on College from Helen Keller
and Commented on by
If you are finding it difficult to consider anything but
college as being a valid option, I gently encourage you to take this matter before the Lord. There is so much more to consider than merely getting a degree. Especially if "just" getting further education is your goal, consider that college is not necessarily the best or the only way to get it.
As I read chapter 20 of Helen Keller: The Story of My Life I found that she expressed some of my very thoughts about college. She wrote:
"I began my studies with eagerness. Before me I saw a new world opening in beauty and light, and I felt within me the capacity to know all things. In the wonderland of Mind I should be as free as another [with sight and hearing]. Its people, scenery, manners, joys, and tragedies should be living tangible interpreters of the real world. The lecture halls seemed filled with the spirit of the great and wise, and I thought the professors were the embodiment of wisdom... But I soon discovered that college was not quite the romantic lyceum I had imagined. Many of the dreams that had delighted my young inexperience became beautifully less and "faded into the light of common day." Gradually I began to find that there were disadvantages in going to college. The one I felt and still feel most is lack of time. I used to have time to think, to reflect, my mind and I. We would sit together of an evening and listen to the inner melodies of the spirit, which one hears only in leisure moments when the words of some loved poet touch a deep, sweet chord in the soul that until then had been silent. But in college there is no time to commune with one's thoughts. One goes to college to learn, it seems, not to think. When one enters the portals of learning, one leaves the dearest pleasures – solitude, books and imagination – outside with the whispering pines. I suppose I ought to find some comfort in the thought that I am laying up treasures for future enjoyment, but I am improvident enough to prefer present joy to hoarding riches against a rainy day."
I have created something I call "Shelton's Theory of Brain Receptivity."
This is a theory I came up with myself -- so it's very "unofficial"
-- that basically just states that the human mind has an optimal "functionability," and the schools push you way beyond what's "optimum." I quote a Far Side cartoon in which one student in a classroom has his hand raised and is asking the teacher, "Mr. Osborne, may I be excused?
My brain is full now." I think this is so true! Here
is what Miss Keller had to say about this:
"There are times when I long to sweep away half the things I am expected to learn; for the overtaxed mind cannot enjoy the treasure it has secured at the greatest cost. ... When one reads hurriedly and nervously, having in mind written tests and examinations, one's brain becomes encumbered with a lot of bric-a-brac for which there seems to be little use. At the present time my mind is so full of heterogeneous matter that I almost despair of ever being able to put it in order. Whenever I enter the region of my mind I feel like the proverbial bull in the china shop. A thousand odds and ends of knowledge come crashing about my head like hailstones, and when I try to escape them, theme goblins and college nixies of all sorts pursue me, until I wish – oh, may I be forgiven the wicked wish! – that I might smash the idols I came to worship."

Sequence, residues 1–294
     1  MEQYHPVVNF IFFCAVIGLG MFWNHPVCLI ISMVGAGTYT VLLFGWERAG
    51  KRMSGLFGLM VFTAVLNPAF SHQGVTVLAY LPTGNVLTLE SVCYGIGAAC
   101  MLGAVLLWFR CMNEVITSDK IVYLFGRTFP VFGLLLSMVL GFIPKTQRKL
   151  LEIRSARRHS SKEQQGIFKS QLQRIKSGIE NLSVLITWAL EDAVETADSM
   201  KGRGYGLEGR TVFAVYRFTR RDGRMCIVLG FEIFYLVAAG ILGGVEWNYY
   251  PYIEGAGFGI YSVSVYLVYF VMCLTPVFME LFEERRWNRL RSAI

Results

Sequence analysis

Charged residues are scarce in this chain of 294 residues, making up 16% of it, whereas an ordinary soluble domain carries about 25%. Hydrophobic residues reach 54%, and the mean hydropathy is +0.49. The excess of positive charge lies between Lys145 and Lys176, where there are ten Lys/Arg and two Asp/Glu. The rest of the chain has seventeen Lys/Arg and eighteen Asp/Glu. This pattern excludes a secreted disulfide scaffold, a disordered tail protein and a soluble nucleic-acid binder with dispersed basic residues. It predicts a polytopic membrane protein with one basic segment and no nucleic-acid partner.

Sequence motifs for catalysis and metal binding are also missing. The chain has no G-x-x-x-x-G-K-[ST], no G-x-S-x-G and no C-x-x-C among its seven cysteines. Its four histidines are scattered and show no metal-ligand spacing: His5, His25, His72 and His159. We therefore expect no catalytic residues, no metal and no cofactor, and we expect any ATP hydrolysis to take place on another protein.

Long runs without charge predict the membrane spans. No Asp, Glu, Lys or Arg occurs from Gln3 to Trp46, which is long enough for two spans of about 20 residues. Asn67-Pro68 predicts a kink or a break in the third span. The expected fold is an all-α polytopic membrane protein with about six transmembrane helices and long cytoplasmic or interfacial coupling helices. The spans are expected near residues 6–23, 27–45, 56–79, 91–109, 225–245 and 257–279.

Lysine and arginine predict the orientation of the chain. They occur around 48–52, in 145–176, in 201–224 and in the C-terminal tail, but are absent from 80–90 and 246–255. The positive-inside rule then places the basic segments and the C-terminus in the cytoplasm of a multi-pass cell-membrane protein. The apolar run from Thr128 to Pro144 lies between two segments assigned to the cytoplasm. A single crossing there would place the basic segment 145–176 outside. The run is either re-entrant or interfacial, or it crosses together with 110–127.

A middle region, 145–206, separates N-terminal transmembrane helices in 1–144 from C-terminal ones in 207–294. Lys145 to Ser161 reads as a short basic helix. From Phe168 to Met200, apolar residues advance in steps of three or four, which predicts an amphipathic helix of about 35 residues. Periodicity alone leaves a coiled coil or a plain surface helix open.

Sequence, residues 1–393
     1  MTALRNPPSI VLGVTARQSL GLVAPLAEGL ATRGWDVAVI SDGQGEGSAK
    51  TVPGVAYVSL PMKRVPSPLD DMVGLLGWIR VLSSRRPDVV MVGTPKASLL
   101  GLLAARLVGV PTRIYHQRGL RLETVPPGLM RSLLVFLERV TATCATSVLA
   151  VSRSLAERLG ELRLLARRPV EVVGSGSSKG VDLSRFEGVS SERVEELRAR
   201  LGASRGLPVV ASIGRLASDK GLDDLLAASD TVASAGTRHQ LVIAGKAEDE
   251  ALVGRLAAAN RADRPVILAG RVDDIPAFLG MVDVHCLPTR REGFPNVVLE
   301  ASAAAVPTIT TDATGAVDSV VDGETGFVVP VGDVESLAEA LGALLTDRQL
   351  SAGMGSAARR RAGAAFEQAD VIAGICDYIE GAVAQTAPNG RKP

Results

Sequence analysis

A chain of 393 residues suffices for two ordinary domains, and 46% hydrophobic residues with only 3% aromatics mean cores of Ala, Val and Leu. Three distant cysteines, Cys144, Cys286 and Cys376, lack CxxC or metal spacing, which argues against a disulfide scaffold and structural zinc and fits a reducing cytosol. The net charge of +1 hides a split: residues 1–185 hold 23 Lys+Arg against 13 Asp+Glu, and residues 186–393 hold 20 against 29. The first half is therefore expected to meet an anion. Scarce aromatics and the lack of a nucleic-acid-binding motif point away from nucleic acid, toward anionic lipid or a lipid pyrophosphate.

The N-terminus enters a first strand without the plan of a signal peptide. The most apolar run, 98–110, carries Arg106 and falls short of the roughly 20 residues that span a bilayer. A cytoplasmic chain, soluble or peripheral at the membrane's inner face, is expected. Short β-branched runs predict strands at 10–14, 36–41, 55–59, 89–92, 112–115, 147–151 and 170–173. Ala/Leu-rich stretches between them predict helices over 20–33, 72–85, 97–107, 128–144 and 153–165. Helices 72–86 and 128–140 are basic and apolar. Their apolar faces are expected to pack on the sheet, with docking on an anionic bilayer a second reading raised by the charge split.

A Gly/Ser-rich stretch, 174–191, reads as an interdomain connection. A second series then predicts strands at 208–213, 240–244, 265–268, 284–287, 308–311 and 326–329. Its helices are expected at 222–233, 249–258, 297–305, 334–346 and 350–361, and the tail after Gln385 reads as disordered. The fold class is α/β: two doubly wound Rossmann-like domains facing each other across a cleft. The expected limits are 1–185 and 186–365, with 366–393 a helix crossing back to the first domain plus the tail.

Even aside from the "full brain" issue is the fact that so much of the knowledge is unrelated to anything in the student's life!
Heads are being filled, but minds are overloaded with "stuff" they have no connection
with or application of, and in the process I believe much time and
knowledge is wasted! Heads are filled, but with no profitable
fruit. Miss Keller said it much more eloquently...
"Many scholars forget, it seems to me, that our enjoyment of the great works of literature depends more upon the depth of our sympathy than upon our understanding. The trouble is that very few of their laborious explanations stick in the memory. The mind drops them as a branch drops its overripe fruit. ... Again and again I ask impatiently, "Why concern myself with these explanations and hypotheses?" They fly hither and thither in my thought like blind birds beating the air with ineffectual wings. I do not mean to object to a thorough knowledge of the famous works we read. I object only to the interminable comments and bewildering criticisms that teach but one thing: there are as many opinions as there are men."
Miss Keller's thoughts astounded me! Not so much her actual views – because she put into words exactly what I have felt – but because she
expressed them so eloquently and then dared to speak them out to the world!
College is such a "high place" in our culture; in fact, I believe her term "idol" is very accurate – and no exaggeration! Allow the Lord to examine your heart about this matter and let Him breathe truth and life into your perceptions, values and goals. I can guarantee you, only because the Word of God guarantees it, that you will thoroughly enjoy the peace and secure confidence you'll receive as a result of letting God have His way in your and your child's views and life.